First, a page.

What Happens When Your Goldfish Has Fin Rot?

Updated April 17, 2017

Some might think that goldfish have a short lifespan, because they often die and are easily replaced. Goldfish actually have a fairly long lifespan if they are cared for properly. Like any living creature, goldfish are susceptible to disease. The main cause of death for a goldfish is illness that is left untreated due to neglect. Many goldfish owners don't realise their fish is sick until it is near death or have already died. Fin Rot is a common illness in goldfish that is easily treated and is not fatal if caught in time.

What Is Fin Rot?

Fin Rot is a fungus or bacteria that grows on the goldfish's fins. The harmful bacteria is called Pseudomonas Fluorescens. Other bacterias that naturally occur on goldfish are Aeromanas Hydrofilia or Flexibacteria. These are not harmful if the fish's immune system is strong. Goldfish develop Fin Rot due to any of these three bacteria when they are stressed. Poor water quality and stressful living conditions can weaken a fish's immune system and make it susceptible to illness. Fin Rot can also be present at the site of an injury on the fish.

What Does it Look Like?

Early stages of Fin Rot appear differently for fungus or bacteria. Fungus-based Fin Rot gives the fin a white-coloured edge. The entire fin can also appear cloudy. Sometimes blood is seen with the white edges. Bacterial infections are seen as ragged edges along the fin as the fin begins to decompose. Either of these is treatable when caught just as the fin edges begin to show symptoms.

How Do I Treat It?

Contact your local pet store and describe the symptoms to them. There are some treatments, such as potassium permanganate or formalin, that are not advised anymore, as they can cause burning on the fin. For fungal infections, ask your pet store for malachite green. This works by dabbing it directly on the fungus with a Q-tip. For bacterial infections, isolate the sick fish in a tank with .03 per cent aquarium salt solution until the rot has stopped growing. An injection called Baytril will also treat fin rot. The pet shop can give you antibiotics to put in the fish tank, or you can feed the fish antibiotic fish food.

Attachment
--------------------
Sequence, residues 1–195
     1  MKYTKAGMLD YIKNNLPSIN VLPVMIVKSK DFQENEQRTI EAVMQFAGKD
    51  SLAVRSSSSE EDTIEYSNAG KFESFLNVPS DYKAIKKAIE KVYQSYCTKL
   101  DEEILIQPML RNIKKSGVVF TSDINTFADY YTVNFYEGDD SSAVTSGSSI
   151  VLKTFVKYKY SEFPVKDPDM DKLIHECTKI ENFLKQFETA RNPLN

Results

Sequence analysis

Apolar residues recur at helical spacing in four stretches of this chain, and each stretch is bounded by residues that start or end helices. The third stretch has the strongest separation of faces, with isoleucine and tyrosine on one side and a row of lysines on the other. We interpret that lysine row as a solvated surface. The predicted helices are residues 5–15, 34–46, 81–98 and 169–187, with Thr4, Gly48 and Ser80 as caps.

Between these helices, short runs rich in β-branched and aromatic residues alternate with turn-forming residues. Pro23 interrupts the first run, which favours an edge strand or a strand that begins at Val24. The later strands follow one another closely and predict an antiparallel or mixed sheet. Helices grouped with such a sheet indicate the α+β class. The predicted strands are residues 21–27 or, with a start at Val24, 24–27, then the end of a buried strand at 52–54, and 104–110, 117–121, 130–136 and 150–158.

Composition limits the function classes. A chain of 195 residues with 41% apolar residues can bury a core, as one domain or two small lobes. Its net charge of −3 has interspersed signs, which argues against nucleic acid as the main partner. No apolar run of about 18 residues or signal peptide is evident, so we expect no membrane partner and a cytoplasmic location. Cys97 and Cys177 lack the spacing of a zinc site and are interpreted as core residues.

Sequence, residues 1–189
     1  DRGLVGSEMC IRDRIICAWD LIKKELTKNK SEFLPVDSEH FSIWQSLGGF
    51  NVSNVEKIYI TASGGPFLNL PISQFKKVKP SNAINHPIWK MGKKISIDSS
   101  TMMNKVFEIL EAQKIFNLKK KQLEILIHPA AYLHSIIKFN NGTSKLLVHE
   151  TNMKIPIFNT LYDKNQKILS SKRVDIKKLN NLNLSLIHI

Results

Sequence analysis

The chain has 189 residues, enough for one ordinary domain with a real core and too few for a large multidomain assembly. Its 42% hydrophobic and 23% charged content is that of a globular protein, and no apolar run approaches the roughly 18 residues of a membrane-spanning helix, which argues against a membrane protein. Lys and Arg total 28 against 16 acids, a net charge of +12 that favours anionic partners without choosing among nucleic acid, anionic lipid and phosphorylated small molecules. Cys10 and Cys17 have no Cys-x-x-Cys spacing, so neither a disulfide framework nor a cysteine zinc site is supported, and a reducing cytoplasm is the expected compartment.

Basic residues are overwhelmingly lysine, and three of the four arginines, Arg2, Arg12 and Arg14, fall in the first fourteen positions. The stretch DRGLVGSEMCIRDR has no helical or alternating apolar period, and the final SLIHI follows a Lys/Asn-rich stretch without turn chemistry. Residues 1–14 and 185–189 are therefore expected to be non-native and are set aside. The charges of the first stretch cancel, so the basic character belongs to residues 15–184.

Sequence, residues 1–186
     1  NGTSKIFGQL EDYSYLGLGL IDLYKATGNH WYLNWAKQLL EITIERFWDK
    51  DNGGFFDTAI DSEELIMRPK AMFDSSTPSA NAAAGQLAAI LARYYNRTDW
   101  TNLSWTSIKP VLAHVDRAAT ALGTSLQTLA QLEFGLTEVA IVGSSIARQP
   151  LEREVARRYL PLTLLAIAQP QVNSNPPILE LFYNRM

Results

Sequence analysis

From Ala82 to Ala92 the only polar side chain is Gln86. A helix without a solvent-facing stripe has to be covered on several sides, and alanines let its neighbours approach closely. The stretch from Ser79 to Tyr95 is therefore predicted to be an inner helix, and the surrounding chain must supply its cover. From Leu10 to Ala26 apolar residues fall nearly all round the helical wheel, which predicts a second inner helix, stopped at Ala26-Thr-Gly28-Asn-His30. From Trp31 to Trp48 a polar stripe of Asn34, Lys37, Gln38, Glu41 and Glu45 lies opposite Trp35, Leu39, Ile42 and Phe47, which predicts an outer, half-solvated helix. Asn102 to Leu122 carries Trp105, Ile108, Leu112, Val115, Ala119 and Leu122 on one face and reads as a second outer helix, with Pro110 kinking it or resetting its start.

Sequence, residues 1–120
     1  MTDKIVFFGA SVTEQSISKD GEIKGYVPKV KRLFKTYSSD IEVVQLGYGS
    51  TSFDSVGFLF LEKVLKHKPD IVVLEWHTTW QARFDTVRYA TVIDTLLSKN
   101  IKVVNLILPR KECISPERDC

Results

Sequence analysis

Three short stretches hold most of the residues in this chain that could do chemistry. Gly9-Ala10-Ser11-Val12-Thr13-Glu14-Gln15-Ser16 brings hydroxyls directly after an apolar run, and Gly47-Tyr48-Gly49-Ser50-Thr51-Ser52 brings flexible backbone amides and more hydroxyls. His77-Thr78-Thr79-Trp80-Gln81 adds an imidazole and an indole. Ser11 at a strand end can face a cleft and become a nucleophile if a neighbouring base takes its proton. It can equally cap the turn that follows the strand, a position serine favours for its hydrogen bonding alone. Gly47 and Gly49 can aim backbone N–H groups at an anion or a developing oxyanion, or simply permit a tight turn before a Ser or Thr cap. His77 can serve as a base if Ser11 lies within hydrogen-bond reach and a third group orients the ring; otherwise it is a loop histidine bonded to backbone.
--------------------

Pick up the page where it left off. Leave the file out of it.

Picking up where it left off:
Will the Fish Survive?

Fin Rot is not considered a fatal disease if it is treated within a timely manner. Once the rot moves down the fin, it is more difficult to get rid of. If it reaches the base of the fin, it will enter the body and the fish will most likely die. Fin Rot that has moved down the fin is still treatable, and the fish will even regenerate its dead tissue if the disease is treated with the appropriate methods. If the fish doesn't die from the disease entering the body, the fin will stay damaged and it will be disabled and possibly be attacked or eaten by other fish.

Cite this Article A tool to create a citation to reference this article Cite this Article

About the Author

Mary Johnson-Gerard began writing professionally in 1975 and expanded to writing online in 2003. She has been published on the Frenzyness Divorce Blog and on Neumind International Pte Ltd. Her book "When Divorce Hurts Too Long—Ouch" was published in 2009. Johnson-Gerard holds a doctorate in educational psychology from the University of Missouri.